GLEAMER Publishes in the Prestigious Journal (Radiology) The Compelling Results of a Clinical Study

Fourat Trabelsi

07/19/2021

The combination of AI and health professionals interpretations lowered the false-negative rate (undetected fractures) on radiographs by 30%

BoneView® allowed a gain in sensitivity (12% increase) and specificity (5% increase) per patient, without loss of reading speed, on exams specifically selected for their difficulty.

Paris, May 18th 2021 – GLEAMER, a French med‐tech company that develops an A.I. software suite to help radiologists and emergency physicians diagnose their patients, announces that the results of a clinical study evaluating the performance of BoneView®, its artificial intelligence software, assisting radiologists and emergency physicians to detect and localize appendicular skeletal fractures have been published in the prestigious journal “Radiology”. With this publication, the international scientific community validates the quality and robustness of the data generated by this study.

“To our knowledge, this is the first study that evaluates the performance of AI‐assisted reading for radiographic fracture detection over the entire appendicular skeleton and on multicenter data, from a variety of imaging systems, some of which were not present in the training database”, says Dr. Loïc Duron, a radiologist at the Adolphe de Rothschild Foundation Hospital (Paris) currently doing a science thesis on AI in medical imaging, and first author of the study.

“This study is the result of significant collaborative work between specialists in radiology, data science, biostatistics and GLEAMER teams to evaluate the clinical performance of BoneView®. This is an important step that quantifies and scientifically validates the benefits of this AI solution available to healthcare institutions, in a context where several solutions are marketed without published objective results” , added Prof. Antoine Feydy, an osteoarticular radiologist at Cochin Hospital (Paris). Publication in “Radiology”, a journal with the highest impact factor in the field, reflects, on the one hand, the rigor of the methodology used but also the magnitude of the obtained results.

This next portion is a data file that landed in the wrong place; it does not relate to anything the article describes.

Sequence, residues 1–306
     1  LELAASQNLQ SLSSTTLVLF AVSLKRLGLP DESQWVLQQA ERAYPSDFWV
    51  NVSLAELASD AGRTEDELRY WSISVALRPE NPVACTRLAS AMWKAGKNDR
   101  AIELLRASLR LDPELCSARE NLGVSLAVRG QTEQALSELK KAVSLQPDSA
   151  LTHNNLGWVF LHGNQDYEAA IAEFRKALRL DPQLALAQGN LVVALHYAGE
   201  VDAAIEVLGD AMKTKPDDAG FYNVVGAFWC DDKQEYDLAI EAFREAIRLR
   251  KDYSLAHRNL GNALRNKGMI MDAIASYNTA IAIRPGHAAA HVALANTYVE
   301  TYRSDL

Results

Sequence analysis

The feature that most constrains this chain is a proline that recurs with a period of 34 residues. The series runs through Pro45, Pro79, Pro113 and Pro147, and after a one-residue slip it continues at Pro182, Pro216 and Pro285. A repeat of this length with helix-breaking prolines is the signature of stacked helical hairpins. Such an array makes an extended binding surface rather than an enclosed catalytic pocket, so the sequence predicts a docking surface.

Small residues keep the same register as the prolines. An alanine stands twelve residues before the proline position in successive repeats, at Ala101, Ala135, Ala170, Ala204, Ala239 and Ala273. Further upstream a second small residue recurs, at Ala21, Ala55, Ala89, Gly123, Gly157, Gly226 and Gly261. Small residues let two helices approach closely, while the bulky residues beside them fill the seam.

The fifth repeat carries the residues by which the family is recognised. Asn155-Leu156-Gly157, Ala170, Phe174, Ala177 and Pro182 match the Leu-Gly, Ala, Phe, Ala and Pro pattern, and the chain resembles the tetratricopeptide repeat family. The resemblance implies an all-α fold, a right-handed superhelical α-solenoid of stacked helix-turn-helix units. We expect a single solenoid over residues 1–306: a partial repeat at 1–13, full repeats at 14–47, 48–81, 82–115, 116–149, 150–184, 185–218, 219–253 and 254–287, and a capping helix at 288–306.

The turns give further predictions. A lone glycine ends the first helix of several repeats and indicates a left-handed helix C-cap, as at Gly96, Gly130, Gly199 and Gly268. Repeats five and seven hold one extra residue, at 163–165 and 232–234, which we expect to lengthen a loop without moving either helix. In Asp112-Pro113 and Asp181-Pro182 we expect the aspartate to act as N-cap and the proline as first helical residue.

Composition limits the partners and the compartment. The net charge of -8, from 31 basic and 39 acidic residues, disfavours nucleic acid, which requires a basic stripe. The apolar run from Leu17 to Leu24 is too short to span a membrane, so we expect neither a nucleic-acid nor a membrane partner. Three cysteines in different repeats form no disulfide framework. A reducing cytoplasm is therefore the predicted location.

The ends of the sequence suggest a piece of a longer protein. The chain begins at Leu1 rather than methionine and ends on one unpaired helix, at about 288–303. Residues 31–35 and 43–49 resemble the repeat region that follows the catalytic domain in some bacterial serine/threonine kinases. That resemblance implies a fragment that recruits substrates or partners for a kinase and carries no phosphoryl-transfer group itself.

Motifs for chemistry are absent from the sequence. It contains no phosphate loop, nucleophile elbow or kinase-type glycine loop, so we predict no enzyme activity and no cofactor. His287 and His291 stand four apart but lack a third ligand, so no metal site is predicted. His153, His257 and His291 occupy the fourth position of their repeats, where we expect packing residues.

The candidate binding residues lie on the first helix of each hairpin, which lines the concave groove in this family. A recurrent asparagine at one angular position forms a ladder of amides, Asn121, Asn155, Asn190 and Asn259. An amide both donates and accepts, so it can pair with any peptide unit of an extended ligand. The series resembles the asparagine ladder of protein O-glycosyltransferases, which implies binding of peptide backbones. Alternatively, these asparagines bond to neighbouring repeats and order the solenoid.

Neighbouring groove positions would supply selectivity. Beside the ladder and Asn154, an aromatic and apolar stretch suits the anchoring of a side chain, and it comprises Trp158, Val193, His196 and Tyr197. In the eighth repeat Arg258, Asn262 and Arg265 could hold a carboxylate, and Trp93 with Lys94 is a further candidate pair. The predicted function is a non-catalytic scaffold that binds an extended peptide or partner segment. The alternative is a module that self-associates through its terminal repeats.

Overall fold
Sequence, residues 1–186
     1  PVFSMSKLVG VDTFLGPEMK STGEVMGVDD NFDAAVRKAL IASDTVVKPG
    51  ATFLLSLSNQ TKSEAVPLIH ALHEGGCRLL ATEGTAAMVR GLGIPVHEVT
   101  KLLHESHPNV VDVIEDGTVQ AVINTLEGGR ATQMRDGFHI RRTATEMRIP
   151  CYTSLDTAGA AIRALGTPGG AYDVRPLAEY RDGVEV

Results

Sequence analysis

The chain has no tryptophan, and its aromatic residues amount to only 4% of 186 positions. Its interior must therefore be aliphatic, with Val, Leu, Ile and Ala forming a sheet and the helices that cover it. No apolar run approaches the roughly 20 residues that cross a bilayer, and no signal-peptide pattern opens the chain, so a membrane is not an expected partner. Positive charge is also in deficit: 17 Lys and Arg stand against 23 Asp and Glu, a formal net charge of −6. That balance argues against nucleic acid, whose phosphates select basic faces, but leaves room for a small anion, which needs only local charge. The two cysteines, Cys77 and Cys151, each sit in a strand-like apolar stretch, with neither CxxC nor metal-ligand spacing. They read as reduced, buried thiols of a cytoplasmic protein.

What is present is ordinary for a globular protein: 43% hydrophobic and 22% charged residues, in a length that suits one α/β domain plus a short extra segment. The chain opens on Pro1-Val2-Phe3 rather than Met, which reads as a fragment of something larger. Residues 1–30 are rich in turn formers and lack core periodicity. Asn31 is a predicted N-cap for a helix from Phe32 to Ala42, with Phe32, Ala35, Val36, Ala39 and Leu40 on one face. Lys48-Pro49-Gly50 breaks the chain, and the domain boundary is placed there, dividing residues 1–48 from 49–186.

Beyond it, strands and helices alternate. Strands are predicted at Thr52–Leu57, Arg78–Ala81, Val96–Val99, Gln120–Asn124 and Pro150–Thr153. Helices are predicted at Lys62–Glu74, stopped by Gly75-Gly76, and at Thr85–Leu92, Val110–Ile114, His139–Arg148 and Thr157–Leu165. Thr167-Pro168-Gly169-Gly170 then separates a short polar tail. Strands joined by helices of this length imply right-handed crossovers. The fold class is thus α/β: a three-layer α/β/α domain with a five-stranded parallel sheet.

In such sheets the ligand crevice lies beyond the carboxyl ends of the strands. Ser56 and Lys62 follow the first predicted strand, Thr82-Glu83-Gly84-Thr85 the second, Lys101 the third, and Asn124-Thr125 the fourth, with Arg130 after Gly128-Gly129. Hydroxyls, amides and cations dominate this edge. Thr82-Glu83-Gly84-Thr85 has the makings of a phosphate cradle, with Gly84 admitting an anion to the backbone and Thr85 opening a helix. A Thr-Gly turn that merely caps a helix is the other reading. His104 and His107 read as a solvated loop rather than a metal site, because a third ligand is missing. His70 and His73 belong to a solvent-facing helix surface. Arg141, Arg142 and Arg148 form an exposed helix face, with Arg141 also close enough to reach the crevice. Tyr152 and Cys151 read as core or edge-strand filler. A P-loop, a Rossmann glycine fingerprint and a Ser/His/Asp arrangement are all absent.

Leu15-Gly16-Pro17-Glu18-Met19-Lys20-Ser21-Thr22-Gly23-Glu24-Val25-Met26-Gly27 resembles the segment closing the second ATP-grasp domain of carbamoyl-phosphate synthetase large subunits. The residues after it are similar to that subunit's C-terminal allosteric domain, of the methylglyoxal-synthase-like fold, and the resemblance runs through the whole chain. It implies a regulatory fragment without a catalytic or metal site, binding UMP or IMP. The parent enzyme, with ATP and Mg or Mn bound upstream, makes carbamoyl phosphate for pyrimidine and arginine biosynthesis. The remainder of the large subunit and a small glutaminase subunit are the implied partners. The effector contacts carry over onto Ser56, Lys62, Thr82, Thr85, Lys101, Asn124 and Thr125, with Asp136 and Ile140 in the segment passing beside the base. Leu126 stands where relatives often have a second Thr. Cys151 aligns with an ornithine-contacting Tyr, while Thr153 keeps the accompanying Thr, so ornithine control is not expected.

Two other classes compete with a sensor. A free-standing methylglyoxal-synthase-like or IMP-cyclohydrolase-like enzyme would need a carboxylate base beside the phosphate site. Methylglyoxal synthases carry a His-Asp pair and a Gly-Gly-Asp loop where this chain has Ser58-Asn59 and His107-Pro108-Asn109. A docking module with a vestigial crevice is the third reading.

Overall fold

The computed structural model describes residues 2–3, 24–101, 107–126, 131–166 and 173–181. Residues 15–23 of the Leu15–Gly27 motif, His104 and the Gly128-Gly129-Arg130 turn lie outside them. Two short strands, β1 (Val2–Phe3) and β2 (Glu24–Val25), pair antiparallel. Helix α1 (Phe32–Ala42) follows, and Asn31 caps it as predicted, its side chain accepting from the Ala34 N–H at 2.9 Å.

“We are delighted and proud of the publication in “Radiology” of our ambitious clinical study with BoneView®, whose results are unequivocal on the benefits of the cross‐interpretation of AI and the physician: 30% decrease in the rate of undetected fractures, while reducing the radiographs reading time by 15%, on exams specifically selected for their difficulty, i.e. with so‐called non‐obvious fractures.
In 10 years, the number of exams to be analyzed by radiologists has doubled, while the number of radiologists has increased by only 20%. We are continuing our developments to improve and enrich our range of artificial intelligence software to progressively automate the diagnosis of standard Radiography to ensure very high reliability of the examination and optimal patient care,” said Christian Allouche, CEO and co‐founder of GLEAMER.

Prior to the study, the BoneView® AI system was trained on 60,170 radiographs obtained from trauma patients. For the study, between 2016 and 2018, 600 adult patients in whom radiographs were obtained after a recent trauma, with or without one or more fractures of the shoulder, arm, hand, pelvis, leg, or foot, at 17 French imaging centers, were retrospectively included. Six radiologists and six emergency physicians were asked to detect and localize fractures with and without the help of BoneView® software. Sensitivity, specificity, and reading times with and without assistance were compared after averaging the performance of each reader. AI assistance improved physician sensitivity per patient by 12% (and 22% for patients with multiple fractures) and specificity by 5% and reduced the average number of false positives per patient by 42% in patients without fractures and average reading time by 15%. Finally, the stand‐alone performance of a newer version of the AI system was superior to that of all unassisted readers, including osteoarticular expert radiologists.

In conclusion, the help of artificial intelligence improves the diagnostic performance of radiologists and emergency physicians, which will allow better patient management from their first imaging examination. Among the expected consequences, the help of AI should allow improving the specificity of the complementary exams prescribed after the radiography, to avoid delays in care, and to direct patients into the right therapeutic pathway.

 

 

 

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